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Why do I get so cross with DH?

(10 Posts)
pamelat Tue 26-Aug-08 18:54:09

Its unreasonable and I don't know why, at least I am pretty sure I am unreasonable? He certainly thinks so.

Today as an example. Have had a lovely day with DD and was looking forward to picking DH up from work, had bought wine and a nice tea to treat him as we have both had colds for a week or so and felt generally run down.

I got there a bit early and nipped to get petrol. Now, I had taken part in the thread about whether you would DD in the car at a petrol station and was abig "no" person in this. However, I decided to test my anxiety and see if I could. Afterall, DH was due any second and I figured he would turn up mid fill anyway.

DD was asleep in her car seat.

DH was late and I felt that I couldnt hang around not paying so I went in to the petrol station (have never left her before but so many m/netters said that they do that I wondered whether I was being stupid!)

She was always in my sight and to be honest I was worried sick (and won't be doing it again)

DH turns up whilst I am paying and I beep the car open. He does not see me do this and wrongly assumes that i had left the car open. I see him pull a face and point at DD and immediately I feel like I want to punch him!! (Am not a violent person).

I pay, walk to the car and start to defend how I would never leave the car open, to which I get "remarks" about how I should also not leave her alone in the car.

I snapped (and swore several times). I think it was because I felt that I had been "caught out".I am normally the more protective one of DD, but at the same time I feel so angry that he thinks that I need telling how to look after her. Its ME that is with her all day every day.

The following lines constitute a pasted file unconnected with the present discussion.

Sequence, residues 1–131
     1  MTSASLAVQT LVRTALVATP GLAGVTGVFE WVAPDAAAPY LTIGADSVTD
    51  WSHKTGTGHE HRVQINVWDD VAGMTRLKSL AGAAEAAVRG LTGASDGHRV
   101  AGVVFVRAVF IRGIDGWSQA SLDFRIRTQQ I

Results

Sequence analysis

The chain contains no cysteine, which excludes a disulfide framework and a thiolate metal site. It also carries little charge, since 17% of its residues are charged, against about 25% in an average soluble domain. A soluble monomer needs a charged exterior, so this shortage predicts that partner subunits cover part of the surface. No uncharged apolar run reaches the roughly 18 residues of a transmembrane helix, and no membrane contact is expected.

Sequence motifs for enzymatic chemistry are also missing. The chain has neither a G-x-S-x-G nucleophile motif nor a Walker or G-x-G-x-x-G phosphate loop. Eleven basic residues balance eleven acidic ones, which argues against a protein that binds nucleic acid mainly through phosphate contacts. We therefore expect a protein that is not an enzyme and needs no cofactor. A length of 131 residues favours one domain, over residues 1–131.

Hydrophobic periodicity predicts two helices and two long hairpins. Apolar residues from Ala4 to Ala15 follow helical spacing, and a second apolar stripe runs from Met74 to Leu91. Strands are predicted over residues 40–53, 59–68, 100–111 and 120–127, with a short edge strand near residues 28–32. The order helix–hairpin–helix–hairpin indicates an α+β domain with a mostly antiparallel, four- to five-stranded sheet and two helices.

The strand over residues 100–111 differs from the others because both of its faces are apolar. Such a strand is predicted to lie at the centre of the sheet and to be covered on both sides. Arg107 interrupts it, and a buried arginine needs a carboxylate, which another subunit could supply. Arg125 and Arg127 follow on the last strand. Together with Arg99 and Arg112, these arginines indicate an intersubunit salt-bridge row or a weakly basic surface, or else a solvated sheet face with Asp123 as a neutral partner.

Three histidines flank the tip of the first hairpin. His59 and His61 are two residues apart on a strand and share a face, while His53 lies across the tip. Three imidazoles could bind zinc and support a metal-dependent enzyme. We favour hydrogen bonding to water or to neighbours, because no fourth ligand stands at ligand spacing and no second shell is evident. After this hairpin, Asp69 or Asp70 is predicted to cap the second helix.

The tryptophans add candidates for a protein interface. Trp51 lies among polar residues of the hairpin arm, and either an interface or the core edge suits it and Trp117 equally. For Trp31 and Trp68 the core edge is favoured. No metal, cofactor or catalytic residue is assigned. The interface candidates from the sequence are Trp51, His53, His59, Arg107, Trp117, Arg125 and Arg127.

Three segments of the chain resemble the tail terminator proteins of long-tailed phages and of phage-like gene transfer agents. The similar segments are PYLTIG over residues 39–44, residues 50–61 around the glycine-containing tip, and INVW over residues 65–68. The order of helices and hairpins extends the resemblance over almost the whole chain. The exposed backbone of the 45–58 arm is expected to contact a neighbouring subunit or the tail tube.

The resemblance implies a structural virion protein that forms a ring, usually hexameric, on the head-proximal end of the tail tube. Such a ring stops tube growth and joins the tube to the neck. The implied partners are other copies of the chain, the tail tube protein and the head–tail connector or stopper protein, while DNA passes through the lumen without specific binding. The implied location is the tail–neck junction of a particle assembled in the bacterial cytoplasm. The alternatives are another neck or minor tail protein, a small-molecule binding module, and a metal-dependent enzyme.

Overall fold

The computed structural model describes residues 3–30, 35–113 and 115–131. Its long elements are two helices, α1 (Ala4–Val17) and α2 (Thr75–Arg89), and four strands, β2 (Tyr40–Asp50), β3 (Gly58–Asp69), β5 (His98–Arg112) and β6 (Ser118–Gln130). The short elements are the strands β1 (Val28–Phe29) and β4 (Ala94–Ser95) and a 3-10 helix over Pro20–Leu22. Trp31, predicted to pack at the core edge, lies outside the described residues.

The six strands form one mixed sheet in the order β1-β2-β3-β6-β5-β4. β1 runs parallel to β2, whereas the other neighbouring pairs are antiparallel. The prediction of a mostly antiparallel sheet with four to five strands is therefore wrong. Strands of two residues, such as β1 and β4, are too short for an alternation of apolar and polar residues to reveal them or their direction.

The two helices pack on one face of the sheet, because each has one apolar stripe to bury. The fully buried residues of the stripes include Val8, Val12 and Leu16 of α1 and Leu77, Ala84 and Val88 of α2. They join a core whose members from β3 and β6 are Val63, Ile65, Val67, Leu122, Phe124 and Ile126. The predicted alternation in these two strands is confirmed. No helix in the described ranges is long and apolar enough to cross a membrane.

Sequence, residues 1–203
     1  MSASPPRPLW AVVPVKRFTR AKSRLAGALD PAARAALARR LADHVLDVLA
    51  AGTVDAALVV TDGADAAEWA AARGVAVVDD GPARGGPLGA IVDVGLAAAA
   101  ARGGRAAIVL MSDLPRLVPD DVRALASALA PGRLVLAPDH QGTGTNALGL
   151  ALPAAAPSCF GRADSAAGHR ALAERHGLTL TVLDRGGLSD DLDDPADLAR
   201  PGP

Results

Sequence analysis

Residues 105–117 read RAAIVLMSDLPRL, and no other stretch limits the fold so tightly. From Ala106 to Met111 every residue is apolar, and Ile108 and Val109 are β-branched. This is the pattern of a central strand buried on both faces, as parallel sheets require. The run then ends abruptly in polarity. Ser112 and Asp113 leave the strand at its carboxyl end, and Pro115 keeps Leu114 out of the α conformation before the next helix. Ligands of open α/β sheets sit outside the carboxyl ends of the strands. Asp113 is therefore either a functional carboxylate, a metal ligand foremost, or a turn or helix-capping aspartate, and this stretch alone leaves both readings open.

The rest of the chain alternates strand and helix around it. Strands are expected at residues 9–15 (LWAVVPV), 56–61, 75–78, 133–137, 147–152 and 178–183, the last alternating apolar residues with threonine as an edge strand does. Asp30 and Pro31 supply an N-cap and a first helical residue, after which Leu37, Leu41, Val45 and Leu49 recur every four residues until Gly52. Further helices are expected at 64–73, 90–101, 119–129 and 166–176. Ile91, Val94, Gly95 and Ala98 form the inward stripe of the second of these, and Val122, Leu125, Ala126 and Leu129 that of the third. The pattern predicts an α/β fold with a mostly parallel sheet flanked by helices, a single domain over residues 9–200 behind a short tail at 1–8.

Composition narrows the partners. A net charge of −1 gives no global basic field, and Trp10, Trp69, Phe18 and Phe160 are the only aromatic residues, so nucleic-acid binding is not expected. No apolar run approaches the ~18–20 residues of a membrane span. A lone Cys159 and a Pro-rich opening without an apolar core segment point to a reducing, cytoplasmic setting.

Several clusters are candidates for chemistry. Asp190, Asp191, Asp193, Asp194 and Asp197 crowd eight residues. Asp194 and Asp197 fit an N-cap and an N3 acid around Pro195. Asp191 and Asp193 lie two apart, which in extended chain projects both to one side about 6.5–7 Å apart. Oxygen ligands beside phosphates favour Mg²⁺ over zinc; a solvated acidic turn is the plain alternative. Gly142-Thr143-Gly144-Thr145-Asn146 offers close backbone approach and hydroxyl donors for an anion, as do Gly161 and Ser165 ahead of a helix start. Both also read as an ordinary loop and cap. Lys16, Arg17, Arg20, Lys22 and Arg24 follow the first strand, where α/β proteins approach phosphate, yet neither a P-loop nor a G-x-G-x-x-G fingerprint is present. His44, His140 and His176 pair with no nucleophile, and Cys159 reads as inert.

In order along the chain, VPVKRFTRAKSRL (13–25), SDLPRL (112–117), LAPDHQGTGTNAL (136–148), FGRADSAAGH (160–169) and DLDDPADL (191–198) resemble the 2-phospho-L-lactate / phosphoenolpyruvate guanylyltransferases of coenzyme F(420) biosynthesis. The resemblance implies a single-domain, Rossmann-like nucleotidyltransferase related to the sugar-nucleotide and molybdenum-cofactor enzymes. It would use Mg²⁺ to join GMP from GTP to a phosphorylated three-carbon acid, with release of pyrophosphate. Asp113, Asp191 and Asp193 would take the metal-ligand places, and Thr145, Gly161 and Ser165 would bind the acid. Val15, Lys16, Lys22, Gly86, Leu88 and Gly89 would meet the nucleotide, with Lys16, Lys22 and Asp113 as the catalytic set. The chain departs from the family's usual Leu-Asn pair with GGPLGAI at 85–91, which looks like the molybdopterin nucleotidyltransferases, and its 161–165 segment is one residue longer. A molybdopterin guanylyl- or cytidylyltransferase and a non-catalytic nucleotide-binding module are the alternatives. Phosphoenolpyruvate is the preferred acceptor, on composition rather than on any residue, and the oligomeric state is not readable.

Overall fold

Anyway, I over reacted. He is a great DH, always gives her tea, bath and bed time milk and usually gets up with her for the first hour of every day (meaning i get a 7am lie in!).

I am just so cross with him, I even know I am over reacting but cant bring myself to apologise. We haven't spoken for an hour now, am just avoiding him (like a child i know)

So why did I / do I get so so angry with him? I never swear at anyone else.

Its scarey as my mum is rather sharp with my dad and I dont want to treat DH like that.

3littlefrogs Tue 26-Aug-08 19:02:18

Do you think you got angry because you were already anxious, and deep down you weren't comfortable with what you were doing? I am not judging you, BTW, just trying to analyse where your anger was coming from. As you say, you felt you had been "caught out", so maybe you over reacted a bit.

TBH, if I were you, I would just apologise to him and try and make up. Tell him how you feel. It is one of those situations that happens - better to sort it out now, than let it fester. As my mum used to say, it sounds like 6 of one and half a dozen of the other.

asicsgirl Tue 26-Aug-08 19:15:09

poor you. several things possibly going on here i think. sorry if very obvious!

1. you put effort into planning a nice treat and feel like dh spoiled it before it even got started by criticising you.

2. you feel like he doesn't trust you, despite the thought that you obv put into the decision to leave dd in the car while you paid.

3. you are both still under the weather having been ill and both over reacted (not just you wink)

i do this kind of thing all the time blush. i know IABU but can't help it. counsellor once told me 'you are not your mum, and your dp is not your dad' and i try to remember this. learned patterns of behaviour can be v hard to change!